I deduced that the new trie object was the culprit, given that the system didn’t crash until after the first autocomplete request was made. So using NetBeans to profile the memory usage, I slowly started slimming down the trie.

The original trie used a classic node-based data structure, similar to a linked list:

public class Trie<T> {
    private TrieNode root = new TrieNode();

    private class TrieNode {

        T value;
        Map<Character, TrieNode> next = Maps.newHashMap();


A parameterized Trie<T> could hold any object in the T, and out of laziness I was storing the entire String that led to a leaf TrieNode. So first off I axed that, since the String itself could just be reconstructed from the breadcrumb trail of Characters anyway.

Next, I cut the memory usage of the Trie roughly in half by replacing all instances of HashMap<Character, TrieNode> with a custom SparseCharArray<TrieNode>. My SparseCharArray is basically just an Object array that has some of the behavior of a Map when I need it. I had already used a similar data structure for my Japanese Name Converter.

In the end, the new trie greatly improved the memory usage of the application, to the point where I didn’t even really need the swap space anymore. (But it’s nice to keep, just in case!)

Browser optimization

Having very little experience in building webapps, I didn’t have the faintest clue how to optimize one. Luckily there are a lot of smart folks who have already figured most of this stuff out, and who publish nice, condensed best-practice guides. Also, the debugging tools are incredibly slick these days, and between Firebug and Chrome’s Developer Tools, I had everything I needed to get under the hood and start tinkering around.

As it turned out, the biggest drain on the application’s performance was just resource management. Grails automates a lot of that, and it’s nice when it works, but when it doesn’t, you have to get your hands dirty. I eventually noticed I had a misbehaving plugin that was requesting Javascript resources that didn’t exist, so I was getting 302 (“moved temporarily”) redirects. On my teensy Micro instance running in Oregon, halfway across the globe from me, this was adding a nearly half-second roundtrip for each request. Once I fixed the links, though, the resources could be cached in the browser and therefore loaded in almost 0 time after the first request.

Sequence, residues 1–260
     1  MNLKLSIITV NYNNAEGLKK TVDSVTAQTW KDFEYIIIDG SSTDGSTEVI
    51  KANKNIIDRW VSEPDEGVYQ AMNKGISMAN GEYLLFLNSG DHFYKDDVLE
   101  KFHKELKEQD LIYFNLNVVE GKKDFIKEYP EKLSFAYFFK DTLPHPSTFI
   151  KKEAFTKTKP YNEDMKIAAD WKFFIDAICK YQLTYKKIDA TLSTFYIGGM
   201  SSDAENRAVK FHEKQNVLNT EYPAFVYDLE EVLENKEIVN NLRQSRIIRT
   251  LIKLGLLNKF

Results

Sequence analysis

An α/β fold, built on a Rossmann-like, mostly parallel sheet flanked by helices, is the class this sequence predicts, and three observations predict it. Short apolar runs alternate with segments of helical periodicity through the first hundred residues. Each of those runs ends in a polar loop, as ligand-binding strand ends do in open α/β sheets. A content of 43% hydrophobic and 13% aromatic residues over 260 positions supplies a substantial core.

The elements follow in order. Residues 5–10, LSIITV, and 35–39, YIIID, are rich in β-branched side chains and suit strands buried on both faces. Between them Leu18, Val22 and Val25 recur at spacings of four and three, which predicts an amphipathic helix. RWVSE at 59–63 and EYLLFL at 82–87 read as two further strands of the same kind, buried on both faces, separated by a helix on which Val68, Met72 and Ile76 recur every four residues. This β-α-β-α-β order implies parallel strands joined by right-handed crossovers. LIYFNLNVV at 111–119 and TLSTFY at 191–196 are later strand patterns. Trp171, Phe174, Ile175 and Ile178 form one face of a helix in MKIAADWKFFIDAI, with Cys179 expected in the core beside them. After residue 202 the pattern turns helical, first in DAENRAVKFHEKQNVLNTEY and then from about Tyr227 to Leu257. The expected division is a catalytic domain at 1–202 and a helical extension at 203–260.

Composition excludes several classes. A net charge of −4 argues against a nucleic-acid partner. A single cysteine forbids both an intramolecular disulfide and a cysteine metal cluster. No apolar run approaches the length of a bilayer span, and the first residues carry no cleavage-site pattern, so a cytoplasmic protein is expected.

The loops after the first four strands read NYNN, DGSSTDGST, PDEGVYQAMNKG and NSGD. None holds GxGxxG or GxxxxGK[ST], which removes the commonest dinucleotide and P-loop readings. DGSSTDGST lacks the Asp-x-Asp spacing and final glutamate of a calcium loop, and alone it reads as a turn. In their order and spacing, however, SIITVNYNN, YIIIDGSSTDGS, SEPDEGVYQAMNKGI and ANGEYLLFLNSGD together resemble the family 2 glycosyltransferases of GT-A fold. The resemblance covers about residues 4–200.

Another basic problem with redirects came from the root of the app itself. Linking to “/relatedness-calculator” instead of “/relatedness-calculator/” (i.e. without the slash), amazingly, also added about half a second to the request, which would occur anytime the user clicked the logo. So the addition of a single character saved me half a second of response time.


I don’t think there’s much that needs to be said here. Just take a look at the before and after pictures:



Yep, I finally broke down and learned how to use Gimp. Bubbly, glossy Web 2.0 text for the win!

Another subtle visual change I made was to the family tree graph. To make the relationships in the graph clearer, I added emphasis to the nodes that were most relevant to the user’s query. For instance, in the case of “grandpa’s cousin,” the system draws a green border around “you,” “your grandpa,” and “your grandpa’s cousin.”

I don’t think I’ve ever met a single one of my grandpa’s cousins.


In the end, I’m pretty pleased with the changes I made to the Relatedness Calculator, and I’m proud of the end product. The only thing I find that I’m missing is the thrill I always got from Android development, from getting my code immediately into users’ hands and finding out whether an app was a winner or a dud. With Android development, users always seemed to quickly find my apps and give me feedback on them, even if I never did any marketing.

For instance, even my all-time least popular app, App Tracker, has 4,000 downloads, 50 ratings, 30 comments, and a handful of emails I’ve received from interested users. But with the Relatedness Calculator, it’s been out for three months and I haven’t heard a peep about it. It doesn’t seem to rank highly in Google’s search results, and according to the logs it’s only gotten about 250 query hits.

So I suppose the next step with the Relatedness Calculator is to figure out how to get people to use the damn thing. “Search engine optimization” and all that. My first instinct is to start emailing around to genealogy sites to see if any of them would be interested in linking to me, or maybe even running a standalone version on their own servers.

Alternatively, I could just make an Android version and see if my clout on the Play Store helps push it up in the search results. But I’m hesitant to do that, because this isn’t a product that makes a whole lot of sense as a mobile app. And plus, the mobile site works just fine.

In any case, I don’t plan on abandoning the Relatedness Calculator anytime soon. It’s a nice, simple project that gives me an opportunity to write some gnarly regexes while learning a thing or two about web development. And anyway, I’ve got an app that can figure out your relatedness to your identical twin’s children. How cool is that?

Introducing the Relatedness Calculator